Known for its royal beginnings, this weave has been romanticized in movies and immortalized in music. This soft, flowing and fine weave was first made by Bengali weavers and exclusively worn by royalty
Weaving mulmul fabric requires such intricacies and skill, that these weavers were highly respected and paid during the Mughal empire, but gravely suffered with the advent of the British. In order to kill competition of the factory-manufactured cloth, these handweavers were subjected to extreme torture and unemployment. This has made the mulmul an even more loved part of India’s culture and history.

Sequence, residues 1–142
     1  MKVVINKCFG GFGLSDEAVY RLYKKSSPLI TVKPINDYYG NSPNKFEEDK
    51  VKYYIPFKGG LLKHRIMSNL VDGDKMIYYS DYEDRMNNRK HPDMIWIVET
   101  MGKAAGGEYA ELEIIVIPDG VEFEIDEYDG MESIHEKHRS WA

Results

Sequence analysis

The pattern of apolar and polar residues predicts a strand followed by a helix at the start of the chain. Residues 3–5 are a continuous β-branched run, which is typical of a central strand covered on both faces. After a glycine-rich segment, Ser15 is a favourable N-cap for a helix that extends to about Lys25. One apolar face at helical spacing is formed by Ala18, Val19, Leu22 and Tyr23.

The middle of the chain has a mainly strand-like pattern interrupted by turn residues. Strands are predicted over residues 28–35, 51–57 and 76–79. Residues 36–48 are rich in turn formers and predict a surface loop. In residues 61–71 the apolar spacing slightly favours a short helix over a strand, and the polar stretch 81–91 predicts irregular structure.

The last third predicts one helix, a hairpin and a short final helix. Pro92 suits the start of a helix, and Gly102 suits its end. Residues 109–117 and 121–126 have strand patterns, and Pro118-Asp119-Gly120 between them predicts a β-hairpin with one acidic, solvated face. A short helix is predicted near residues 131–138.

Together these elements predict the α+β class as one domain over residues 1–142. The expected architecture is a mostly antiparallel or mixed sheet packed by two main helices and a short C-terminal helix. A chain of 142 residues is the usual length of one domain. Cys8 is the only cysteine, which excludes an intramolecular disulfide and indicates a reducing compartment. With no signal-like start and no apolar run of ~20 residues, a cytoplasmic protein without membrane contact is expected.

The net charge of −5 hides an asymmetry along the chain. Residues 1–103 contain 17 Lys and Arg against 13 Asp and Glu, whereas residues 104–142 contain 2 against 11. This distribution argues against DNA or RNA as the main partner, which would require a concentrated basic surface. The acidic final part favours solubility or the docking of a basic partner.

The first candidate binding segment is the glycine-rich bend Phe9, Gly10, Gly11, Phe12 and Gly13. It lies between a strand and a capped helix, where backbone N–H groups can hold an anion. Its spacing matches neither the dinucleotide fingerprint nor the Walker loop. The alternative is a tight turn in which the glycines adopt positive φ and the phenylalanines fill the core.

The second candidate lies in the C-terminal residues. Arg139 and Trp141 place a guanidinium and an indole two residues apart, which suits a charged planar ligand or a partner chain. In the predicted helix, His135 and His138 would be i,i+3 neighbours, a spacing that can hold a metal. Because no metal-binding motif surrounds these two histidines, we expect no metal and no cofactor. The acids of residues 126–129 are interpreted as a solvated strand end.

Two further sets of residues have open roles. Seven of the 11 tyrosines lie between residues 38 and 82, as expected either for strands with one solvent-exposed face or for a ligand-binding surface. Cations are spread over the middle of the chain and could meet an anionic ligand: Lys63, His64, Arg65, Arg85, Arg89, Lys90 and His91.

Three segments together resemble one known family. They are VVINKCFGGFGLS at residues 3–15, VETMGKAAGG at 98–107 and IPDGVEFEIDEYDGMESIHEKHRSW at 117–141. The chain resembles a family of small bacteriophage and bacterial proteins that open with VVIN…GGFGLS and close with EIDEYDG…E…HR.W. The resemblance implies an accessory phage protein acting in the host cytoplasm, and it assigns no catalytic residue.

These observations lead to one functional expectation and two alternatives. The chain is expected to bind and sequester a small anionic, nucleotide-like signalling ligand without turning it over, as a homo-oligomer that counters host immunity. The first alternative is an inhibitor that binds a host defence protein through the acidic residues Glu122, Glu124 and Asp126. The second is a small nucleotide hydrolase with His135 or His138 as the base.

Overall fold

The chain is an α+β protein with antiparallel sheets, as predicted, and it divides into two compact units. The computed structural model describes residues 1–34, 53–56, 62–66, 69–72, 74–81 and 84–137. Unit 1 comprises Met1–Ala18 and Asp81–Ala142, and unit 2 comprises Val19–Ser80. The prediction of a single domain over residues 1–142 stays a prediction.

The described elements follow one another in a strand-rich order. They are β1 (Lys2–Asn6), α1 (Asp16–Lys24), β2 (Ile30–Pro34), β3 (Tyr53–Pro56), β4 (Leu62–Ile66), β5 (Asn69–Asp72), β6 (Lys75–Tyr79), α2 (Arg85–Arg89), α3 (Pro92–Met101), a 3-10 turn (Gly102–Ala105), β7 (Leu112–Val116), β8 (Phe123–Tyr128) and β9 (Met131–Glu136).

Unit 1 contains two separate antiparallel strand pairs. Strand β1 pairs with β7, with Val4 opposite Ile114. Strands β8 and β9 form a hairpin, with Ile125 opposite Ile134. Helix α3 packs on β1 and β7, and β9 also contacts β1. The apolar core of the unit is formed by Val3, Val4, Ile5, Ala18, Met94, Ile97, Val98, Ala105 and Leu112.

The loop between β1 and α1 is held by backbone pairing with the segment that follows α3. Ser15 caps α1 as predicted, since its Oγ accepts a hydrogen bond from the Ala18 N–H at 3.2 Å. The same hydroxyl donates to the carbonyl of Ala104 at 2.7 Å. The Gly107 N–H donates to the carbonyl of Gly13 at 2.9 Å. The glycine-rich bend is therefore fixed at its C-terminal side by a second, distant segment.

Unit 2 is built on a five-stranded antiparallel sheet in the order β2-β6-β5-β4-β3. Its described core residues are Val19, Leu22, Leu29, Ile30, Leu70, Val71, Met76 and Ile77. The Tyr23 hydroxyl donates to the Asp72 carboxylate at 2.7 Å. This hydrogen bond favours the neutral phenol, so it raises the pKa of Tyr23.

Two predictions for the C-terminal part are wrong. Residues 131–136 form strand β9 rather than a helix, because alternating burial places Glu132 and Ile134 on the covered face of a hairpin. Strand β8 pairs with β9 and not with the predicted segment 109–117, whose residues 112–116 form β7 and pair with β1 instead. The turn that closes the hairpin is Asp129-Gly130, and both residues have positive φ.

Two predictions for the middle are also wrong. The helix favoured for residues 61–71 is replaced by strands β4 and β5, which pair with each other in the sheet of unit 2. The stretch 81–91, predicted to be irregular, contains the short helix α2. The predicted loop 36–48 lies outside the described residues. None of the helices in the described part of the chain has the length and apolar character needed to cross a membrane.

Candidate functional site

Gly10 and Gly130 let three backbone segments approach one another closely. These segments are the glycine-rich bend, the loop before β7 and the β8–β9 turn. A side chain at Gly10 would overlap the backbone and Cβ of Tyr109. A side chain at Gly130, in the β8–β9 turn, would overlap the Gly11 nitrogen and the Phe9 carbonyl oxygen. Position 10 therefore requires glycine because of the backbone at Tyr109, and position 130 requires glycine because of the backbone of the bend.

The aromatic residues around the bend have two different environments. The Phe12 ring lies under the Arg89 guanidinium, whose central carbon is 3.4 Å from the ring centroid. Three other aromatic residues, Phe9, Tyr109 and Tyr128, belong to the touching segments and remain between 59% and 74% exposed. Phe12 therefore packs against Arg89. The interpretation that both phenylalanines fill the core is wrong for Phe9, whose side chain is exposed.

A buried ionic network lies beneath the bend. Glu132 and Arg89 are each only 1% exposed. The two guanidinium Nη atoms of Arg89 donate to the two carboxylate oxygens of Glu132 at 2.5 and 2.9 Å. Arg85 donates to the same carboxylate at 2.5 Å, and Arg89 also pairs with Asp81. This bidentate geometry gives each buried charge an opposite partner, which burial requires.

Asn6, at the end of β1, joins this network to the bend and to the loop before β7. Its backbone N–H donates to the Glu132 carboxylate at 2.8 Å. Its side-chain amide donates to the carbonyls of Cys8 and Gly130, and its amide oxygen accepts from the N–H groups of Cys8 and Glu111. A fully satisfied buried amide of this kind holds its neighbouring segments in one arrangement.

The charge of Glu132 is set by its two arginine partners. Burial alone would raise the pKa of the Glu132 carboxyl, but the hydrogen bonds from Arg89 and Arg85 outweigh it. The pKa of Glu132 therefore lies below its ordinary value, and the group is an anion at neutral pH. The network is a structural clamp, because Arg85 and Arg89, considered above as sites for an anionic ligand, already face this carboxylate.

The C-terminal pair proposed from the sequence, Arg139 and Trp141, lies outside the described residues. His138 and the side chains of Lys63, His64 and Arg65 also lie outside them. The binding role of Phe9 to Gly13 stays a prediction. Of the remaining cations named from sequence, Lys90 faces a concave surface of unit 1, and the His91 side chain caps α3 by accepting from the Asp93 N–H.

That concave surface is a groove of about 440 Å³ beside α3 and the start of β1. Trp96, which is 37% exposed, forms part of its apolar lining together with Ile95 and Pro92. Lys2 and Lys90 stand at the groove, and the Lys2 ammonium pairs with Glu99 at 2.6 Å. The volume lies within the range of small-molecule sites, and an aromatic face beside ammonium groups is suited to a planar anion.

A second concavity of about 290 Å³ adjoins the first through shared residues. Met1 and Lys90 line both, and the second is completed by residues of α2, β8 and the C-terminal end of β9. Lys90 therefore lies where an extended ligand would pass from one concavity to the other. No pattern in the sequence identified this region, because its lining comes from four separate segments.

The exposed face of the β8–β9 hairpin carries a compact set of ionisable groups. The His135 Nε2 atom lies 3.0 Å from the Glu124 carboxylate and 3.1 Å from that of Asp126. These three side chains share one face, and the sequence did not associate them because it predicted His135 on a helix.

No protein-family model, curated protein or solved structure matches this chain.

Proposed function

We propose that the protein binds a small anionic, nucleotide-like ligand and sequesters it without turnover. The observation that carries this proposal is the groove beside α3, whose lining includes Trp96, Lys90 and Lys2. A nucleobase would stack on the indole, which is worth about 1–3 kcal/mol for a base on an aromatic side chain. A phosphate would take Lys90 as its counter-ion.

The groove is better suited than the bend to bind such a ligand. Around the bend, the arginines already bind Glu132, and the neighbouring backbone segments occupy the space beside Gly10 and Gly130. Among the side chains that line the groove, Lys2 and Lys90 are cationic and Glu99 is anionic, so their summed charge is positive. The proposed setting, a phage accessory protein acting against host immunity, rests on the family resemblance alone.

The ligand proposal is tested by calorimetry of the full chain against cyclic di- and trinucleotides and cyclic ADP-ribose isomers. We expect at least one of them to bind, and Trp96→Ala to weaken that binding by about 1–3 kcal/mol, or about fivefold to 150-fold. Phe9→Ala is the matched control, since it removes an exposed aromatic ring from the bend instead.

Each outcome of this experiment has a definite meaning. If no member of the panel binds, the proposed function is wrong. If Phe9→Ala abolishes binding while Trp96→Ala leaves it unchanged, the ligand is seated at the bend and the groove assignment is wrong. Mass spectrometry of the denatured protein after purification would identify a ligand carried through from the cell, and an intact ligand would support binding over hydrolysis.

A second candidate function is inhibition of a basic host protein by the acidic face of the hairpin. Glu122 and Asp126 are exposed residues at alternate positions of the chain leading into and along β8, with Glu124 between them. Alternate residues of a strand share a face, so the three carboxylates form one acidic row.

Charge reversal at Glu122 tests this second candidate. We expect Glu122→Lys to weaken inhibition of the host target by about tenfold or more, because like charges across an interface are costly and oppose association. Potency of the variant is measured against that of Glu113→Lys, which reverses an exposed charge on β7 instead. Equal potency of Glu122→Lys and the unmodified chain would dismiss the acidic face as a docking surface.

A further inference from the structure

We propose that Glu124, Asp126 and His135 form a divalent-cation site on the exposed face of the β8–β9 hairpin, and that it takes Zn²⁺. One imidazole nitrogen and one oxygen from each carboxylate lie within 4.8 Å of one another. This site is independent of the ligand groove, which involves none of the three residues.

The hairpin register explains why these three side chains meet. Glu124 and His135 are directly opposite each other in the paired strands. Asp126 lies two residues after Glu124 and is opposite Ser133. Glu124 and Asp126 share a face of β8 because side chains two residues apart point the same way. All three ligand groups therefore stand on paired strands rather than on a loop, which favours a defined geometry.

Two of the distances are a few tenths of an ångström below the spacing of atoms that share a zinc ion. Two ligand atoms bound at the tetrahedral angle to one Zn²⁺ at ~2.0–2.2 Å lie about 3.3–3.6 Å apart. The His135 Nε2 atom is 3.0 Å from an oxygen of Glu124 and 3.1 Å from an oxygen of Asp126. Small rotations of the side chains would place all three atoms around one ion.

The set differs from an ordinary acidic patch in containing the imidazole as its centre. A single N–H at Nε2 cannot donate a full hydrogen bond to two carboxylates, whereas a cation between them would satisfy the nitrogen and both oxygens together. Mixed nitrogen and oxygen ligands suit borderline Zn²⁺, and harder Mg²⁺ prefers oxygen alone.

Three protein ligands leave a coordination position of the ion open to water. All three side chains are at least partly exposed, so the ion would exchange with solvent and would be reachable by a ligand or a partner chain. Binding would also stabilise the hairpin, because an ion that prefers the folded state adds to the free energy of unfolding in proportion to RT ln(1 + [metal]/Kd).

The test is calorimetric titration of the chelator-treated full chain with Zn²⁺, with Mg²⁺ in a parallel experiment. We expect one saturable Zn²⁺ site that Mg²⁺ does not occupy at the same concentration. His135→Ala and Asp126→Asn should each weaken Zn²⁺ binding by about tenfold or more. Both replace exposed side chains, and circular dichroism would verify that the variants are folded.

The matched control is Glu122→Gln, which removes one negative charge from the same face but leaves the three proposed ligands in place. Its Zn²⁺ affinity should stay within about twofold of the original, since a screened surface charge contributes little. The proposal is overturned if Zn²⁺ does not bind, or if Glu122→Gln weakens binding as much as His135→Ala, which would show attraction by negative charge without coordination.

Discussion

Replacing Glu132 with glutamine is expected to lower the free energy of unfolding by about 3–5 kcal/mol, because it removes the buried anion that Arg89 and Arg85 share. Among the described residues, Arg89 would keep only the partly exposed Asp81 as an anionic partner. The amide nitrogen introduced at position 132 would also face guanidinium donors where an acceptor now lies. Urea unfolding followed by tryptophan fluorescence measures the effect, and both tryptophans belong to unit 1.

The elegant, featherlight, and soft fabric is made from an art that has passed through generations of traditional weavers in Bengal who have managed to keep the art alive, despite the harsh conditions and attempts to suppress the art. Each mulmul saree inherits with it, the story of each of those weavers that have struggled to sustain the art.